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Of Hummingbirds and Garudas

September 17, 2013

Go placidly amid the noise and haste, and remember what peace there may be in silence. – Max Ehrmann, Desiderata

Previously in this blog, we’ve discussed the monkey mind, that hyperactive, compulsive aspect of our mind that incessantly reviews the past and worries about the future.  “What could I have done?” the monkey mind wonders, “What should I have said?  Will they like me?  WHAT IF EVERYTHING GOES WRONG?”

The monkey mind is involved in conceptual thought that draws us out of the here and now and into the realm of fantasy and commentary.  This realm of thought is extremely compelling to us. We can’t resist its fascination.  In fact, the Bad Lama says, we become addicted to thinking.  When a thought pops into our mind, we feel compelled to follow it. We feel that we have no choice. We even chase after it, eager to know where it will end up. The more we chase after our thoughts, the faster and faster our mind moves. We find ourselves unable to rest, unable to find peace within our own mind.

Running faster and faster in order to stay in place.

Running faster and faster in order to stay in place.

Our modern society exacerbates this tendency.  Thanks to technology, there seems no reason to ever stop and rest.  We can connect to one another 24 hours a day, 7 days a week.  We never need to pause in our endless shopping and info-grazing.  We may find ourselves late at night, trolling through Facebook, not really wanting to scroll to the next set of snarky comments, but seemingly unable to stop.

Another traditional image for this hyperactive mind is a hummingbird.  A hummingbird’s flight is very erratic – it shifts direction, flying up and down and even backwards. Hummingbirds seem to be very busy in flight, very distractible; they do not seem to be very relaxed. (Of course this is an analogy that is meant to point to our own experience, not a hummingbird’s; we have no idea what a hummingbird’s experience is actually like.) When the hummingbird is flying, it has to spend an enormous amount of energy just to stay in one place. It flaps its wings so fast that they become a blur. Hummingbirds don’t soar – if a hummingbird were to stop flapping its wings, it would just fall out of the sky. So there’s no resting for the hummingbird when it flies.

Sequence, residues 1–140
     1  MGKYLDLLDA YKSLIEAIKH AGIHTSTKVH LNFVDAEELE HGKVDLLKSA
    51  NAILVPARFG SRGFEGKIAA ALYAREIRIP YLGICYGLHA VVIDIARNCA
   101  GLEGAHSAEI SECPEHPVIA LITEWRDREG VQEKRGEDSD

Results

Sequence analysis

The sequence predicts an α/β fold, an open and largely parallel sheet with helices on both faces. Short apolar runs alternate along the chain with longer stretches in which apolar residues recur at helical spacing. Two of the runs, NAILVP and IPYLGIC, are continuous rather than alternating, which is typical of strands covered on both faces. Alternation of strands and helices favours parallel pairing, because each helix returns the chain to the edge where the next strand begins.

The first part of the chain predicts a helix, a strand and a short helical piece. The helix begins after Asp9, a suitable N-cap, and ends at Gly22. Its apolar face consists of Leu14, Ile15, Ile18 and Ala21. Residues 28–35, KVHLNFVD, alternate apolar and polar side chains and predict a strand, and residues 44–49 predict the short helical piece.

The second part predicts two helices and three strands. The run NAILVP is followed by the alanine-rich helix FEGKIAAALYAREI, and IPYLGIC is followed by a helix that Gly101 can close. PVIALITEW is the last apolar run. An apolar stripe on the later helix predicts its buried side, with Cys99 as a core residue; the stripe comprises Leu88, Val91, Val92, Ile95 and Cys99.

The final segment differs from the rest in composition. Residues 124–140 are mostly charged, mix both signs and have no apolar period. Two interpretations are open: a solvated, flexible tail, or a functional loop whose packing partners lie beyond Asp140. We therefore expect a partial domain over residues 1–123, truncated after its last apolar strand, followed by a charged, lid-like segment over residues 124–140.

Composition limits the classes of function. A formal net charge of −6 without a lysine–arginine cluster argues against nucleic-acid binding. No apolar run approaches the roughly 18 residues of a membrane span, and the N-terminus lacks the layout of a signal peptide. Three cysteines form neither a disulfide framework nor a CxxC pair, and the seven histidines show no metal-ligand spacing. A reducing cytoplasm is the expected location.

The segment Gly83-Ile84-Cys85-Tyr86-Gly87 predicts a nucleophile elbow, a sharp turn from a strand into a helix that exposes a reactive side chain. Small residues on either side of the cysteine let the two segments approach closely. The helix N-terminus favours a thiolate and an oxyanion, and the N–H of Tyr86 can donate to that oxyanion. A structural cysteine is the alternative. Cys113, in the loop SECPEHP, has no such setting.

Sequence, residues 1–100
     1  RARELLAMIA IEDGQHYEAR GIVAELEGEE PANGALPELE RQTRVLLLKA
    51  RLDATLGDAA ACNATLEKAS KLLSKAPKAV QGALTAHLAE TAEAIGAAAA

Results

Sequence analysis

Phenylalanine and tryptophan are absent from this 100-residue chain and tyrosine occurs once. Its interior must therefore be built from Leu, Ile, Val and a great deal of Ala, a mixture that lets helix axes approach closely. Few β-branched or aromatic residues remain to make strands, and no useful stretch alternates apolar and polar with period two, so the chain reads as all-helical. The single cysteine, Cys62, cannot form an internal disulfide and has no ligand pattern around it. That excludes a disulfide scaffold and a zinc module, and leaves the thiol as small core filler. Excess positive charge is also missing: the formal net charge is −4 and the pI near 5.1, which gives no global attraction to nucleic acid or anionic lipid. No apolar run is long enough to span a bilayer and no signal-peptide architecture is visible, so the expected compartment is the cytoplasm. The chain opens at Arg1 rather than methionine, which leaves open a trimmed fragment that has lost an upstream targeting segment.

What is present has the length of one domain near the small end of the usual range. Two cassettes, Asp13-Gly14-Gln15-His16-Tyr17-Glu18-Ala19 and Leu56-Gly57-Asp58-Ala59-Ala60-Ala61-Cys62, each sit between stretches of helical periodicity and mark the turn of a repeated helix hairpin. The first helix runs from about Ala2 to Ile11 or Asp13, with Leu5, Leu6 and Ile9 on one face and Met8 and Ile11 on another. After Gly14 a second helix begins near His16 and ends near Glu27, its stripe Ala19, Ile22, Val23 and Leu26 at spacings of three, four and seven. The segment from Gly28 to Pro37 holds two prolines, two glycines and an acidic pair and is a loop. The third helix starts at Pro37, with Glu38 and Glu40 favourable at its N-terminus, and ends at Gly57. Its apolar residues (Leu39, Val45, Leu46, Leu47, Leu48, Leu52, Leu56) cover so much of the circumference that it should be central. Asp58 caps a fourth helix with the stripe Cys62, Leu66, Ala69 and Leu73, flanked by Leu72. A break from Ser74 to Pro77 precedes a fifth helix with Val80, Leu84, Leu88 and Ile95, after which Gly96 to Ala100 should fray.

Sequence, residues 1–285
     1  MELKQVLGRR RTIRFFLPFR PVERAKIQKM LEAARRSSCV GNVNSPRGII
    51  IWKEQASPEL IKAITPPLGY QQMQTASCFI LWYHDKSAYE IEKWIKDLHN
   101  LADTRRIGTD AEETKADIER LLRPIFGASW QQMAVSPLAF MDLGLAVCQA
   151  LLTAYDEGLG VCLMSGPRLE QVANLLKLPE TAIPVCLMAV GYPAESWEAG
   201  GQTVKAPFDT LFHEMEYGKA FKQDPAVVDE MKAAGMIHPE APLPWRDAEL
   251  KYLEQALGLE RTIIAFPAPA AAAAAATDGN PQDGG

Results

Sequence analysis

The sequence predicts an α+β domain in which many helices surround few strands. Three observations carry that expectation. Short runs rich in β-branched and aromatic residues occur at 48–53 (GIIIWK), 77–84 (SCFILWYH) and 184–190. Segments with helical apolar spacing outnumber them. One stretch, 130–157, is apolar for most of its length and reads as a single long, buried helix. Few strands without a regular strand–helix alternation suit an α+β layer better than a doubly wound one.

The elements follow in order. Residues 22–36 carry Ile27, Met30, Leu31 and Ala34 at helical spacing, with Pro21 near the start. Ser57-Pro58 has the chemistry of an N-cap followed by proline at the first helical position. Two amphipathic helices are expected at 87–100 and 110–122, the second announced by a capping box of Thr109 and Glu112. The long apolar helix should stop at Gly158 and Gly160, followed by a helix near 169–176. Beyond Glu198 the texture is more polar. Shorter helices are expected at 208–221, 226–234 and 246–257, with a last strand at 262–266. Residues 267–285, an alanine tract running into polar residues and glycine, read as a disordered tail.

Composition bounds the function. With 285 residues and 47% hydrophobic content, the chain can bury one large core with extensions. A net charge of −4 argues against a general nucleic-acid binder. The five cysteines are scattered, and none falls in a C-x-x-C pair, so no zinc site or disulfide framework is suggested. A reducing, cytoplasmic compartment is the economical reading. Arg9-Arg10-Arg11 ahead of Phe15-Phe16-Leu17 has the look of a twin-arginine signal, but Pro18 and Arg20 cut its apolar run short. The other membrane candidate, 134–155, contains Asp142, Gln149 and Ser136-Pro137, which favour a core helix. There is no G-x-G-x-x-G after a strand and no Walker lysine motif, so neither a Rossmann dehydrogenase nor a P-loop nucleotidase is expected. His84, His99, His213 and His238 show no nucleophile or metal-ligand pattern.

It seems exhausting to be a hummingbird!  When our mind is like a hyperactive hummingbird, we feel worn out, ragged and harassed, but we also feel that we can’t stop.  We feel that our thoughts are racing and out of control, and that our worries are too much to bear.  We just want to find a place to rest.  Is there no twig on which our hummingbird mind can rest?

When we’re experiencing our mind in this way, the kindest thing we can do is to find a way to give ourselves a break. We might try various means of giving ourselves a break – alcohol, movies, video games or escapist fiction. (If you’re interested in trying those means out, you’ll need to find another blog for those methods – this blog is about meditation.) In the tradition of shamatha/vipashayana meditation, the practices that allow us to slow down and rest are described as shamatha meditation.  Shamatha can be translated as “calm abiding” or “resting peacefully.” Shamatha helps us to tame our mind, to soothe it as we would a frightened, restless animal, and allow it to settle down. When we practice shamatha meditation, we offer the hummingbird a place to land.

Using the physical body to bring the hummingbird into the here and now.

Using the physical body to bring the hummingbird into the here and now.

The place we offer to the hummingbird mind to land is here and the time we offer to the hummingbird mind is now. Since our physical body always inhabits the here and now, we can use it like a landing beacon to guide the hummingbird mind into the present moment. For instance, we might continually bring our awareness to our breathing or to our physical sensations.  Although it’s natural for us to be in the present (so where else would we be?), we’ve developed the mental habit of trying to inhabit the past and the future through the use of our conceptual mind. In shamatha meditation we gently release this mental habit by continually dropping our thoughts and returning to the here and now. By continually letting go of thoughts and coming back to our body in the present moment, we cut the speed of our thinking, and we cut the agitation that our thinking is creating.  Little by little, we calm down and rest.